With Superintendent Kyle Hayden’s tentative transfer to chief operations officer less than two months away, the Lawrence school board is now in the beginning stages of finding his interim replacement.
During an executive session Wednesday, board members met with a representative from the Kansas Association of School Boards to discuss the process for finding an interim superintendent. By Thursday, a few details had emerged about how that process will unfold.
School board member Jessica Beeson told the Journal-World on Thursday that board members were provided a small pool of potential candidates from the KASB. Soon, school board president Marcel Harmon will begin to finalize interview dates with those candidates, Beeson said.
“With interims, you generally need to find them really quickly, and it’s a little less strenuous as a search process,” she said, compared to finding a superintendent. “They have a pool of people who are maybe just recently retired and want to come out of retirement for eight months to a year.”
The pool of candidates provided by the KASB aren’t necessarily looking for a permanent superintendent position, but, Beeson said, “they want to help” the district while it searches for Hayden’s replacement. Beeson also said that because the candidates have been supplied by the KASB, the school board is also obligated to follow KASB guidelines in the interim search. Under the KASB’s policy, she said, candidates won’t be announced until the day of their interviews, which likely won’t be public.
Those interviews, Beeson said, would likely take place in the first or second week of June. Shannon Kimball, the board’s vice president, said scheduling conflicts may push some interviews until the second or possibly third week of the month. However, Kimball also stressed the “expeditious” nature of the process — if Hayden is to tentatively assume his new COO role by July 1, the board will need to find his interim replacement by the end of June, Beeson and Kimball agreed.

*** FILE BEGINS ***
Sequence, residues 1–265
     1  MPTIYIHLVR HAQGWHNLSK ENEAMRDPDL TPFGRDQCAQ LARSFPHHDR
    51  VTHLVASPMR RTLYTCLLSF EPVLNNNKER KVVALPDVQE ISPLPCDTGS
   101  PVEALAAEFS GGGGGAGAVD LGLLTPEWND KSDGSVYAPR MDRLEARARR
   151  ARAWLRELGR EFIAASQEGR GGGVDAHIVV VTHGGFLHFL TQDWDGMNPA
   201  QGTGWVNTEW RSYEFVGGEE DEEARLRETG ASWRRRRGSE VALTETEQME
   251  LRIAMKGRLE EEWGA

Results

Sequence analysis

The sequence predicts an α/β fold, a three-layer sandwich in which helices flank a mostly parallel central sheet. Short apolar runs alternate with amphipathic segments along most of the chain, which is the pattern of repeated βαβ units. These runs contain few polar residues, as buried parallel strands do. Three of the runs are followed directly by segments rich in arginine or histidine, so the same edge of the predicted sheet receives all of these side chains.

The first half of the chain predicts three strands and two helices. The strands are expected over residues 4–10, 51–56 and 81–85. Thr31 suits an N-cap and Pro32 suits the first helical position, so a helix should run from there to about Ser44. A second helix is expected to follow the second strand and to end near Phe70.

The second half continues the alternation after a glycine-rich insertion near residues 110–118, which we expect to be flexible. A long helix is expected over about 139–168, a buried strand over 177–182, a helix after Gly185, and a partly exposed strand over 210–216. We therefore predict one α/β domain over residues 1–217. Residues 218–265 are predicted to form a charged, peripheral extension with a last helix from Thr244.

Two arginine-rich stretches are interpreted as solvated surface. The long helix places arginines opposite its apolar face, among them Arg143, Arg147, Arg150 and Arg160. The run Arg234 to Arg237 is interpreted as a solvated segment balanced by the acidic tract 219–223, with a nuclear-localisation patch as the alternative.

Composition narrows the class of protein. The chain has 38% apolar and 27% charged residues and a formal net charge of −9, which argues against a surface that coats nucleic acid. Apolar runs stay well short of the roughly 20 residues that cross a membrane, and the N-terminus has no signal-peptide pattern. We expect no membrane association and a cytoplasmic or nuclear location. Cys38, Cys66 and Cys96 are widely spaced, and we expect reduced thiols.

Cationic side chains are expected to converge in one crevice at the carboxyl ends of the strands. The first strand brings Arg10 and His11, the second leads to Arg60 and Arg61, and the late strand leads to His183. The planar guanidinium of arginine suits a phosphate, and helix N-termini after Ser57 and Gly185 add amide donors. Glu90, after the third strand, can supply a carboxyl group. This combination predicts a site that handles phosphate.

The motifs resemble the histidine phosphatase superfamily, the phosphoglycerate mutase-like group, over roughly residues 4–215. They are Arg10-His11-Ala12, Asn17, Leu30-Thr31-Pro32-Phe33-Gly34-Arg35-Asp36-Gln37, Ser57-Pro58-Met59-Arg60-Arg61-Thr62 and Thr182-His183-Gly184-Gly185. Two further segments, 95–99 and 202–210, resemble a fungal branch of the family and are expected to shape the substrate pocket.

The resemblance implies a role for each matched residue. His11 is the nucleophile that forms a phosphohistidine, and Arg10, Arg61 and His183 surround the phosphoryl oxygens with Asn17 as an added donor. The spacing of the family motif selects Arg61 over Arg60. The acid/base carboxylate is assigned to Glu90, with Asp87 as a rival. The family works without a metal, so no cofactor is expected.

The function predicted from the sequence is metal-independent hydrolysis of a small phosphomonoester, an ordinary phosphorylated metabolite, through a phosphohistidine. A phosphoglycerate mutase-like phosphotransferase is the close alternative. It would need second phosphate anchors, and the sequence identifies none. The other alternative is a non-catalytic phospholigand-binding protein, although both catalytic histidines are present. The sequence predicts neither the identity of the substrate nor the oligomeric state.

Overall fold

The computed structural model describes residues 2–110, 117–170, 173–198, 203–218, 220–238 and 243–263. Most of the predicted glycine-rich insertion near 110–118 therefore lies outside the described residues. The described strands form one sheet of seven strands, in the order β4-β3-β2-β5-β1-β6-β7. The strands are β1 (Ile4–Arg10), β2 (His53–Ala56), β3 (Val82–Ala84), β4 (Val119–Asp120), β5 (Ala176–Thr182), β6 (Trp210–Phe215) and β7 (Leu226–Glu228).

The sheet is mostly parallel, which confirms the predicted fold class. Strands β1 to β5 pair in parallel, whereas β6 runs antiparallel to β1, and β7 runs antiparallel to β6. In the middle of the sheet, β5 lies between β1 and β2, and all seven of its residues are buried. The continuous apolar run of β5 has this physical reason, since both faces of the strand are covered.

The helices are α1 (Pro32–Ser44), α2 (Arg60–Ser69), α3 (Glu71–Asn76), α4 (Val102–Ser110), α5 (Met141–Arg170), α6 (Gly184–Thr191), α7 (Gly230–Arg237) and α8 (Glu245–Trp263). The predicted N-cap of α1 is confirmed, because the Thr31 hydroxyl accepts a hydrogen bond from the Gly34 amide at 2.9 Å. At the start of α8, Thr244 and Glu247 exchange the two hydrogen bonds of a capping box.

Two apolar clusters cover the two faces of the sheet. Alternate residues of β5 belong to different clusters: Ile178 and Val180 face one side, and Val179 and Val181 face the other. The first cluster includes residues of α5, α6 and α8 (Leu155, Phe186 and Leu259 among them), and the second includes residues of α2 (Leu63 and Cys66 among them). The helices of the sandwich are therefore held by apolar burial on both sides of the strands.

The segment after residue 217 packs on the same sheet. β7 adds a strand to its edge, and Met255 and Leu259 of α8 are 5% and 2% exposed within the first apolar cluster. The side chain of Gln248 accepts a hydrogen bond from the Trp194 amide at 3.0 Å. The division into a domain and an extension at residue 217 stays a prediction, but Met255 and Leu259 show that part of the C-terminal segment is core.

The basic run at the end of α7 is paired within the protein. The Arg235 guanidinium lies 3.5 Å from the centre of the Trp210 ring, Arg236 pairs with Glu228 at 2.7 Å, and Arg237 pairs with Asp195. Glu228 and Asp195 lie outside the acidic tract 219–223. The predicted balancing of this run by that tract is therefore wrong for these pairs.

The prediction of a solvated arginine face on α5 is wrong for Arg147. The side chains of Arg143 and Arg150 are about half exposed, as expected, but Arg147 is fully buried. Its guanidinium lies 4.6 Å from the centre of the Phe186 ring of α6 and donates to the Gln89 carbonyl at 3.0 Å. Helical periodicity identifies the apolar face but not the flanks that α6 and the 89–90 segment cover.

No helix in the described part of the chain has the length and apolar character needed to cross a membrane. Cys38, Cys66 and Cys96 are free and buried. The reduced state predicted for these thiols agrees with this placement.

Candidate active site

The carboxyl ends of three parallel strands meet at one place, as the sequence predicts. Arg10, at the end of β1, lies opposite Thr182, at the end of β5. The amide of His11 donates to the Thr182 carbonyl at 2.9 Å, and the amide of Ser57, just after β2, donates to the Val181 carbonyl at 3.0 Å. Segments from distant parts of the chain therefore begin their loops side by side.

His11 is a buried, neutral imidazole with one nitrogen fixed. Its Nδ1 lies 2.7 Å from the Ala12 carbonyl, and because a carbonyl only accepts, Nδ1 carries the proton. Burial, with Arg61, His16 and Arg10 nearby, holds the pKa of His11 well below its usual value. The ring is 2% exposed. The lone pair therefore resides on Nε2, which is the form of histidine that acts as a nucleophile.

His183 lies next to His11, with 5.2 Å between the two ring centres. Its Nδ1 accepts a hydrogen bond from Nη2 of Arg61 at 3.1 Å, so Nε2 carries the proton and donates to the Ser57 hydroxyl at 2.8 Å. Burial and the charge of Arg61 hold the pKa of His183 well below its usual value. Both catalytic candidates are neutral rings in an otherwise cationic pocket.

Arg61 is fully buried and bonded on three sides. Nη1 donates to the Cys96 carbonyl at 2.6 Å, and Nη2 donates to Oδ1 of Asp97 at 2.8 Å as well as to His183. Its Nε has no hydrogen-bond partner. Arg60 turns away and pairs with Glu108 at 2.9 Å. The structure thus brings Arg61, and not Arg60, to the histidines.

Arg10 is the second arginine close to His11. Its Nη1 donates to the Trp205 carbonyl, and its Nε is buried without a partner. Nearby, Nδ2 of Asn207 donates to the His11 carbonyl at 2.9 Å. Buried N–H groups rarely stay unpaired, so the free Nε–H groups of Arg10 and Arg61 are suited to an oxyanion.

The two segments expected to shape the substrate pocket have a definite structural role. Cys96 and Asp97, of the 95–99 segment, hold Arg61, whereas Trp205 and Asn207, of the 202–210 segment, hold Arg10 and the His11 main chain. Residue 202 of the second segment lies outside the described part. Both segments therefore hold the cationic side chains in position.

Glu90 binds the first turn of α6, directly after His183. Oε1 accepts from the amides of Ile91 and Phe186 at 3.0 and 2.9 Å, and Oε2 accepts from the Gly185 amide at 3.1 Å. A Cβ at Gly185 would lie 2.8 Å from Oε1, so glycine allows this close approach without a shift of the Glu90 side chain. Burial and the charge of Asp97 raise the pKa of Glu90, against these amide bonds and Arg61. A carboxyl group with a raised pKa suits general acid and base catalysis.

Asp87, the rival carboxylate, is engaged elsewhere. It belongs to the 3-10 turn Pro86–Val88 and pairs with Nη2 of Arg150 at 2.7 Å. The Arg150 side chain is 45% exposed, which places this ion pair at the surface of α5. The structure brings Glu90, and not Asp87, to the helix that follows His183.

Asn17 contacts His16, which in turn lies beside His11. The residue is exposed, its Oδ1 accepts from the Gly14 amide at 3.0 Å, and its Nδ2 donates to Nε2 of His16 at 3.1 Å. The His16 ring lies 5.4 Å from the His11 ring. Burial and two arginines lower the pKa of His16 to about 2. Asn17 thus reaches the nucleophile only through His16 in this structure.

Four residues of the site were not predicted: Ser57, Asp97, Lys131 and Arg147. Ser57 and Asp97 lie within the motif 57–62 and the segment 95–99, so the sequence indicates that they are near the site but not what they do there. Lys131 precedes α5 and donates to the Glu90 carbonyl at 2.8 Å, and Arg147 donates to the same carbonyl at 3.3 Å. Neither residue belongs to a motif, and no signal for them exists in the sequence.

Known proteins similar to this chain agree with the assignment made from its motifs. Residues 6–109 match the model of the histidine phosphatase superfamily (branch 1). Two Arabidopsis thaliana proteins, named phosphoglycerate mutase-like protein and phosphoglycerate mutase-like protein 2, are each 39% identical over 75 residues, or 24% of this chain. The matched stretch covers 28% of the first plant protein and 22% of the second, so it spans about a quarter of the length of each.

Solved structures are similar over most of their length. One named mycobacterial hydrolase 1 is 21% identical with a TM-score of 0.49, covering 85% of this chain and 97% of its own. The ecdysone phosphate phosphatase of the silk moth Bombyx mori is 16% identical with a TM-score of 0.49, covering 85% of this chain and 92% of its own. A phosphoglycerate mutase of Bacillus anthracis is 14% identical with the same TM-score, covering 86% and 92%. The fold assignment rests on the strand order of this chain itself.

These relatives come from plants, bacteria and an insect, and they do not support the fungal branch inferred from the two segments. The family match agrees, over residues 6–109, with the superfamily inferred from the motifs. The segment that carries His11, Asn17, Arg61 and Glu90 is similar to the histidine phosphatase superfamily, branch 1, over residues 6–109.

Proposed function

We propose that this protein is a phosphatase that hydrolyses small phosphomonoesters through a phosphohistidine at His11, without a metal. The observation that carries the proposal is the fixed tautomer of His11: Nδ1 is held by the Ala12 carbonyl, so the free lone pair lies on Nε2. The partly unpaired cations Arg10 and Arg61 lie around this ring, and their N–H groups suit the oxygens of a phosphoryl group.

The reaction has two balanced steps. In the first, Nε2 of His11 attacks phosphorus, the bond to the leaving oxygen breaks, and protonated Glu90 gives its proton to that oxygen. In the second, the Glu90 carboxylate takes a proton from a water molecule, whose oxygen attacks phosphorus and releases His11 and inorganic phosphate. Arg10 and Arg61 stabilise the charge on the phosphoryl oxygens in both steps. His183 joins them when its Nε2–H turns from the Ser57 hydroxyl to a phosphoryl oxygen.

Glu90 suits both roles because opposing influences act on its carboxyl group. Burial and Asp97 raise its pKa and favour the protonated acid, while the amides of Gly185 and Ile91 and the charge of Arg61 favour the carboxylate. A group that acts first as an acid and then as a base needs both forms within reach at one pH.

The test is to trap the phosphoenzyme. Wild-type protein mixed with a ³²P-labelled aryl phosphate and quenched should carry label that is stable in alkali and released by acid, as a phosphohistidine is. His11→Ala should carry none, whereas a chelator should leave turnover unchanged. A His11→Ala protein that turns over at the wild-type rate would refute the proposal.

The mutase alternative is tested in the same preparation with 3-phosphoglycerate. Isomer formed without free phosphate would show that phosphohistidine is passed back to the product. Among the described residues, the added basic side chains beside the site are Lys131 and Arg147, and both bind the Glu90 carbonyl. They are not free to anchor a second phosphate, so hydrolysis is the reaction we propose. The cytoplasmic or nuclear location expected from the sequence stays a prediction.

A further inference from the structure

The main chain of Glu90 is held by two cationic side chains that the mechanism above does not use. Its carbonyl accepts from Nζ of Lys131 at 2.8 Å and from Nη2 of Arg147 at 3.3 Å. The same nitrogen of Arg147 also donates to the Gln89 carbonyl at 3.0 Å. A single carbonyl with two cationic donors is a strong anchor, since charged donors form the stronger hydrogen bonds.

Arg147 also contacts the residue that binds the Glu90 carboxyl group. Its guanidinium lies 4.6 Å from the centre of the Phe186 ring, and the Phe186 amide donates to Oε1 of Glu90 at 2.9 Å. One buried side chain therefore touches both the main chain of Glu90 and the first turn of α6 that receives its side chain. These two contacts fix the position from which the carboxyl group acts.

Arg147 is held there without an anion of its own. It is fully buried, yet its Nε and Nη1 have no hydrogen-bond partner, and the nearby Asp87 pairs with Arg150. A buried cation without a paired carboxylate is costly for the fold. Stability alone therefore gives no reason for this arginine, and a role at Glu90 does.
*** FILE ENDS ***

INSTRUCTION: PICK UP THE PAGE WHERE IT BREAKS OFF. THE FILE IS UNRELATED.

In the meantime, the board will probably schedule one or more special meetings to “work out details of the interview process,” Kimball wrote in an email, though “dates for that work have not yet been finalized.”
“I think we need an interim (superintendent) who’s a strong leader and a good communicator, but this person’s role is really to hold the ship steady,” Beeson said, and work toward carrying out the initiatives and goals the board has already set. She’s not necessarily looking for someone to “come in and make a lot of changes,” she added.
“It’s a pretty standardized process,” Beeson said. “So, we will hopefully get a good person who has great experience and is able to step right in fairly seamlessly.”
In other matters from Wednesday’s meeting, the Journal-World further researched a statement from Board President Marcel Harmon about the district's previous decision not to release Hayden's proposed salary ahead of the school board voting on the contract.
Harmon defended the board’s decision to withhold Hayden’s proposed salary and contract by arguing that revealing information discussed during executive session would violate Kansas open-meetings law.
However, information from the Kansas Attorney General's office contradicts that statement. A frequently asked question page maintained by the Attorney General — who is responsible for enforcing the Kansas Open Meetings Act — addresses the question of whether elected officials can reveal information from an executive session. The Attorney General's answer is that the Kansas Open Meetings Act does nothing to prohibit officials from revealing information from an executive session. However, the website said there may be other laws or considerations officials would want to consider before revealing information from an executive session.
It is unclear how the executive session issue factored into the board's decision. The Journal-World did not request that discussions from the executive session be made public. Rather, the newspaper requested that the proposed COO contract be made public before the board voted to approve it. Initially, the district rejected that request, but ultimately it took that course of action. The district released the contract at the Wednesday meeting and then agreed to delay the vote on the contract until its Monday meeting.